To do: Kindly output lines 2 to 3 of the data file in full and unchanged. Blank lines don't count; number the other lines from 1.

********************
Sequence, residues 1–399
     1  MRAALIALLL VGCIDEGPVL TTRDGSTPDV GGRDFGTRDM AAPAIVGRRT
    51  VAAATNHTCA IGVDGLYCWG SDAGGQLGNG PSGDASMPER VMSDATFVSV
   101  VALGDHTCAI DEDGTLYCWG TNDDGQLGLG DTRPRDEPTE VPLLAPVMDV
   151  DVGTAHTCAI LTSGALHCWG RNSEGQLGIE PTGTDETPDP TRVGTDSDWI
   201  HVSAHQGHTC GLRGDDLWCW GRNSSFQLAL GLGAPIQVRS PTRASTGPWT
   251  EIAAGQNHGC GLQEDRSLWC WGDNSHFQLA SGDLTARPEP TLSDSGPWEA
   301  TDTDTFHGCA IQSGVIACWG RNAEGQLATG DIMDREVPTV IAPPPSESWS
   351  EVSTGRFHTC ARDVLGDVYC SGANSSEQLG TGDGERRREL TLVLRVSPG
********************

     1  MRAALIALLL VGCIDEGPVL TTRDGSTPDV GGRDFGTRDM AAPAIVGRRT
    51  VAAATNHTCA IGVDGLYCWG SDAGGQLGNG PSGDASMPER VMSDATFVSV